They spent the time and effort to produce this content, why not make sure the people will find it. Without the event hashtags it would most likely get lost in the Twitter noise of the tech world.
Michael Hyatt also uses hashtags very well to promote an event that he is not only speaking at but also organizing.
Again it gives attendees and those at home a way to follow along with what is happening at the conference. And gives the speakers at this conference a much larger audience, which is what Twitter is all about.
4. They Use Them One At A Time
Using a mess of hashtags per tweet is a telltale sign of people not using them properly. We all know that one user who has a hashtag for every keyword in the tweet. In the example below, more words are hashtagged than not!
No one wants to be known as a hashtag spammer and it looks very unprofessional. Additionally, it is probably hurting your brand more than helping it.
In fact, this belief was echoed by the thought leaders we looked at, with many using only one at a time. We found that if a hashtag was used that in 60% of cases only one was used. Below is the full breakdown of the usage of multiple hashtags:
The thought leaders are really about the adage of less is more it seems when it comes to hashtag usage, and the professionals agree. Also to the 11 thought leaders using 5 or more hashtags, you guys are the worst. Come on, that is amateur stuff.
5. They Use Them For Specific Niches
Using hashtags for extremely specific niches was suggested many times by readers of the original study. It had not crossed my mind that some people are using very technical or specific hashtags for their business. It could be only a few hundred people caring about a hashtag or topic but they are who you should be trying to reach. It much is better to be specific than being generic.
Although it may be a struggle to find your specific niche and even harder to find those people on Twitter, it will be worth it. It will give your business an almost direct line to people who want to read your content or buy your product or message. Try some of these tools to find those hashtags.
A great example of this was the #AgTech hashtag used by one of our thought leaders. It was used exactly once in the whole data set but was on an extremely relevant tweet. Plus if you are trying to get this in front of people in the Ag Tech field it is perfect. I am guessing there is not much competition from other sources for those views as well.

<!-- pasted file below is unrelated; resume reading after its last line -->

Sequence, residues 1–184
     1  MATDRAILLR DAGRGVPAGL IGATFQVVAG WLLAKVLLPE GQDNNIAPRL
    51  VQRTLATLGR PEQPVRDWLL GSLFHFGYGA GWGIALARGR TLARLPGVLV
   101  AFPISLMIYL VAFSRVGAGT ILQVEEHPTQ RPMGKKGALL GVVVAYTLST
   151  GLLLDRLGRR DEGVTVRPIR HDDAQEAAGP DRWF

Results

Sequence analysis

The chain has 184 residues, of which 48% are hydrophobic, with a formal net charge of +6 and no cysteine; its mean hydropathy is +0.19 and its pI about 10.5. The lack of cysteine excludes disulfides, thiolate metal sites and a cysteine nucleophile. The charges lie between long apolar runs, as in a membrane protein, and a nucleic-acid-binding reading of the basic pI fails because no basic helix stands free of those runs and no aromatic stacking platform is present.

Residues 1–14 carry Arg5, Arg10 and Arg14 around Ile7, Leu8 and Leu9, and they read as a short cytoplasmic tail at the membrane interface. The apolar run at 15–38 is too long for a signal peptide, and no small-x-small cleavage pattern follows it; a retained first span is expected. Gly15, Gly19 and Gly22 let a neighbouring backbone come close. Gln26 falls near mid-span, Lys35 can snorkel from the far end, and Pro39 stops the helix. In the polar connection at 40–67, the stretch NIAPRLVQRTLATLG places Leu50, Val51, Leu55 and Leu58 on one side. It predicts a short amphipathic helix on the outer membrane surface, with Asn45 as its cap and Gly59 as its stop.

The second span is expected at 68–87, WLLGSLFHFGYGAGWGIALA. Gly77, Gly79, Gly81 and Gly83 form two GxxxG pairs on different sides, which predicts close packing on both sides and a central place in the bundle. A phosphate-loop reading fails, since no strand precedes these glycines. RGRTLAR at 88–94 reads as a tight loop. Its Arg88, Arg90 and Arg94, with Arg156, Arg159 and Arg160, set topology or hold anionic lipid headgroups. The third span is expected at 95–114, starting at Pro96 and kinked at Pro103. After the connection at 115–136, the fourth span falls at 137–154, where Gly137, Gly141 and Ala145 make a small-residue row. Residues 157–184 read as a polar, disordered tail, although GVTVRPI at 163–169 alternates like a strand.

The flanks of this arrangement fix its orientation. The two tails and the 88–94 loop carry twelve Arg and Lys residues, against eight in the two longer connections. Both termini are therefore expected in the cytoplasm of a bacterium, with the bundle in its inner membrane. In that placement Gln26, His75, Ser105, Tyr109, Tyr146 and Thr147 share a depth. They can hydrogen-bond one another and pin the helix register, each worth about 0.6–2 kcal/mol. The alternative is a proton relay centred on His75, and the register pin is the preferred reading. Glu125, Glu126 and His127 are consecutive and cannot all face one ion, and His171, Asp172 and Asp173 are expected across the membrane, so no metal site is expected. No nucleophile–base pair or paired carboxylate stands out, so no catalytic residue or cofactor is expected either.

Targeting niches may not bring in the most followers or double your notifications but it will work in the long run. And it will not reach the masses of people but it reaches the right people, and that is what your Twitter strategy should focus on. It also will create a conversation that leads past just a fleeting notification. Just remember it is better to be specific instead of generic.
So what have we learned from the thought leaders about using hashtags today? Other than the days are numbered for the once great hashtag.
First, that many power users like the ones we studied are not using them at all. Or that they are using only one at a time, which is how it always should have been. Some also are targeting many niche topics effectively by using very specific hashtags, which is great.
But even those who could call themselves social media experts are using them correctly. The overwhelming use of generic hashtags only creates more noise. And lessens the likelihood of the audience you are trying to reach actually seeing it. So if you want to take only one thing from this article is stop being so generic with your hashtags. It will only bring bots and spammers to your content instead of the people you want to see it. Specific hashtags may not drive the likes or retweets that generic ones will but they will bring the customers.